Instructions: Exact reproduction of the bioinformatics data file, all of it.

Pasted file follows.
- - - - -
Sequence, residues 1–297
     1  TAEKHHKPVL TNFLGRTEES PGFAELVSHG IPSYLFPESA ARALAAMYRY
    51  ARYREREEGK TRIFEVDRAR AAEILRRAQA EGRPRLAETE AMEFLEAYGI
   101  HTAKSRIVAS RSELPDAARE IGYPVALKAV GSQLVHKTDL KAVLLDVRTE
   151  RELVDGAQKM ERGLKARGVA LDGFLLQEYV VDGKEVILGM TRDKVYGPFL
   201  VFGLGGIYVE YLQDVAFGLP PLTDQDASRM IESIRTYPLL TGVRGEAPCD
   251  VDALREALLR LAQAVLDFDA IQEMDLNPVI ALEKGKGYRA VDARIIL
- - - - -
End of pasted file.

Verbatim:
Sequence, residues 1–297
     1  TAEKHHKPVL TNFLGRTEES PGFAELVSHG IPSYLFPESA ARALAAMYRY
    51  ARYREREEGK TRIFEVDRAR AAEILRRAQA EGRPRLAETE AMEFLEAYGI
   101  HTAKSRIVAS RSELPDAARE IGYPVALKAV GSQLVHKTDL KAVLLDVRTE
   151  RELVDGAQKM ERGLKARGVA LDGFLLQEYV VDGKEVILGM TRDKVYGPFL
   201  VFGLGGIYVE YLQDVAFGLP PLTDQDASRM IESIRTYPLL TGVRGEAPCD
   251  VDALREALLR LAQAVLDFDA IQEMDLNPVI ALEKGKGYRA VDARIIL